As we go deeper into the rabbit hole of digitization, as real-life makes Black Mirror feel less and less distant, it’s easy to misconstrue that to keep up, we must also become more “techie,” more “digital-savvy.”
However, digital literacy does not equate to becoming coders, computer engineers, or whatnot. No, on the contrary, as we head deeper into the digital frontier, the dichotomy of “right-brain vs. left brain” is dissolving.
What we are looking at right now is a merger of these two schools of thought, a “whole brain” approach. Hard skills will need to be complemented by creativity and vice versa. This is the key to innovation, this is what it will take to remain human in a digital world.
K-Pop and the creative economy
Let’s look at K-pop as an example. Head to Spotify right now. As you go over their top song recommendations, chances are you’ll see 1 or 2 K-pop songs in the mix. Well, did you know that K-Pop’s creation was no fluke? It was a deliberate campaign that needed Korea’s Ministry of Culture to develop their brand of music.
It took sound engineers, programmers, and other innovative minds to create the experience K-pop delivers—from the songs, dances, and the colorful music videos to the holograms and over-the-top auditorium productions.
A creative economy is categorized by the blurring of the lines between economy, culture, technology, and other social aspects. Think of startup culture, think of today’s gaming industry, think of data in advertising, these industries are mergers of art and science. You don’t necessarily have to be “techie” or a coder, innovations from these industries come from creativity—the ability to think of new approaches, new ways of doing things.
Author and business professor Oren Harari once said, “The electric light did not come from the continuous improvement of candles.”
Don’t become obsolete
So how does one prevent themselves from becoming obsolete?
Creativity will always have a place in the digital world, but it doesn’t mean you have to be resistant to advancements in technology—especially when it comes to marketing and advertising. For one, familiarize yourself with data and the digital realm.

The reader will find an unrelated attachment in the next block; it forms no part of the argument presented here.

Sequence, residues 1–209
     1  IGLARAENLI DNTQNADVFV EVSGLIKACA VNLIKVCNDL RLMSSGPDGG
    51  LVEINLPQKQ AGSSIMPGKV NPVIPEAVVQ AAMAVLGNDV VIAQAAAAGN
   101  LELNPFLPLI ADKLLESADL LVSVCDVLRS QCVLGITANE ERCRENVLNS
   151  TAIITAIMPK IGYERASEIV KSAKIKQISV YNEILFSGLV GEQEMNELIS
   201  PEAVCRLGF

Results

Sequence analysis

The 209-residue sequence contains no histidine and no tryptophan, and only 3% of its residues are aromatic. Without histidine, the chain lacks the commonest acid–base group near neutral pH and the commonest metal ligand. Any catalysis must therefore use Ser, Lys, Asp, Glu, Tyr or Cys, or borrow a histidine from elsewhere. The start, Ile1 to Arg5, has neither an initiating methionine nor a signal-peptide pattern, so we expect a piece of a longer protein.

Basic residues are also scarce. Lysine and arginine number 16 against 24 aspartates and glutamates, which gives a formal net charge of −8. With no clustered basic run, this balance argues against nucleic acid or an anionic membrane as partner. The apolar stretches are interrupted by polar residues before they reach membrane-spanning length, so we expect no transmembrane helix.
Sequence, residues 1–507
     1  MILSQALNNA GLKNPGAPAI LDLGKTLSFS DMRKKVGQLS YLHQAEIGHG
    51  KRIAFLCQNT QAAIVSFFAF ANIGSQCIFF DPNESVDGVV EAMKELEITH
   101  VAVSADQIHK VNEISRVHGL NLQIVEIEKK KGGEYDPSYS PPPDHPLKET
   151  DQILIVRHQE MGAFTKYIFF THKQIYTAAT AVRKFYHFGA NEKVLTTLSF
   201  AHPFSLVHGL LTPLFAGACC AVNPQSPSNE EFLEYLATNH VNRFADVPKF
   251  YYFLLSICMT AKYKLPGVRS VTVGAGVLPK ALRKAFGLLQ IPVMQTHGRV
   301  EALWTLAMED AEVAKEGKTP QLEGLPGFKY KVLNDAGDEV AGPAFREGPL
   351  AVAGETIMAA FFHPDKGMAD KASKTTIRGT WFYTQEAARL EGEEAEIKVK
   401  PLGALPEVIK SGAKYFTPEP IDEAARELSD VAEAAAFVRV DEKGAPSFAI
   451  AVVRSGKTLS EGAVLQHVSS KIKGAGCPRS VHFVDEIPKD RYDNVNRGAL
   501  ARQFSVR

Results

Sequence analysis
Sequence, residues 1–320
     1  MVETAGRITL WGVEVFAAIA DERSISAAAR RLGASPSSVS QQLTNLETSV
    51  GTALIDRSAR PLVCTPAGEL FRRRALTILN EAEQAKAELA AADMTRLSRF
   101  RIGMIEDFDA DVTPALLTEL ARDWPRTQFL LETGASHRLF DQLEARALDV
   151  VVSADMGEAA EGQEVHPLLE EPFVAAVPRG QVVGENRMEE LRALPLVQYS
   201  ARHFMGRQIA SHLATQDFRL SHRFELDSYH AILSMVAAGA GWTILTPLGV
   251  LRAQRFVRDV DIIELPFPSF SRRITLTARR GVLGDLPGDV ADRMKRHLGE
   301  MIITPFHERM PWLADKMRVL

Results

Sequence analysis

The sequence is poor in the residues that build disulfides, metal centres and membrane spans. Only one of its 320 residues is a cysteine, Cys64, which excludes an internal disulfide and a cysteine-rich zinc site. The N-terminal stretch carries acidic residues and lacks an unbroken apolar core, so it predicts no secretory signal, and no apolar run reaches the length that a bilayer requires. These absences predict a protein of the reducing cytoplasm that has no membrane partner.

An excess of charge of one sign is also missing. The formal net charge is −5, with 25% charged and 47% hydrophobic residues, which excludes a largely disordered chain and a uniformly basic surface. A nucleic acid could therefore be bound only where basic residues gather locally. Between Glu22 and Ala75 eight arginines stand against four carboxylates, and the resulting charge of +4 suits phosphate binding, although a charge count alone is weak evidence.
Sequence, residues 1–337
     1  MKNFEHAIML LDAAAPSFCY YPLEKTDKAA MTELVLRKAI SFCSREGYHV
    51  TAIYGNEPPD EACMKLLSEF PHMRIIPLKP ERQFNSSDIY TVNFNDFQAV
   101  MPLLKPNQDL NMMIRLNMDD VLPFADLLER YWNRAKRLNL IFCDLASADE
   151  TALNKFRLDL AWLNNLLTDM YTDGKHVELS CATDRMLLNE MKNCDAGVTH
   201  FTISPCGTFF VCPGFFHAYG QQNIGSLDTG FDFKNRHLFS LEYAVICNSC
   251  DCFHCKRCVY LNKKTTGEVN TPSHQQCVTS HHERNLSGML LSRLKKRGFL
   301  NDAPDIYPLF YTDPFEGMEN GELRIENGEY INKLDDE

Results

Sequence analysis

They say data is the new oil for the digital economy. It has a lot of untapped potential. Using data, you can learn how to cut through the noise and target consumers creatively. Using data, you can study how users use your services, products, and platforms. This information can, in turn, be used to craft better experiences. Data can be used to come up with better consumer insights. There’s so much you can do.
However, this doesn’t mean you have to become a data scientist (if you really want to though, nothing’s stopping you!). You can realize your vision by asking for help. You don’t have to do everything yourself.
In coming up with insights, many easy-to-understand tools can help you interpret the data for digital marketing. More and more startups are finding ways to make information accessible and friendly for casual users.
If you’re not comfortable with D-I-Y approaches, you can also enroll yourself in short courses or attend talks that teach you the ins and outs of marketing for the digital age. GetCraft conducts masterclasses on content marketing and influencer marketing. You can start from there.
We live in a fast-paced world (According to the Institute for the Future, 85% of the jobs that will exist in 2030 have not even been invented yet!), so don’t be afraid, embrace flexibility, and harness your creativity.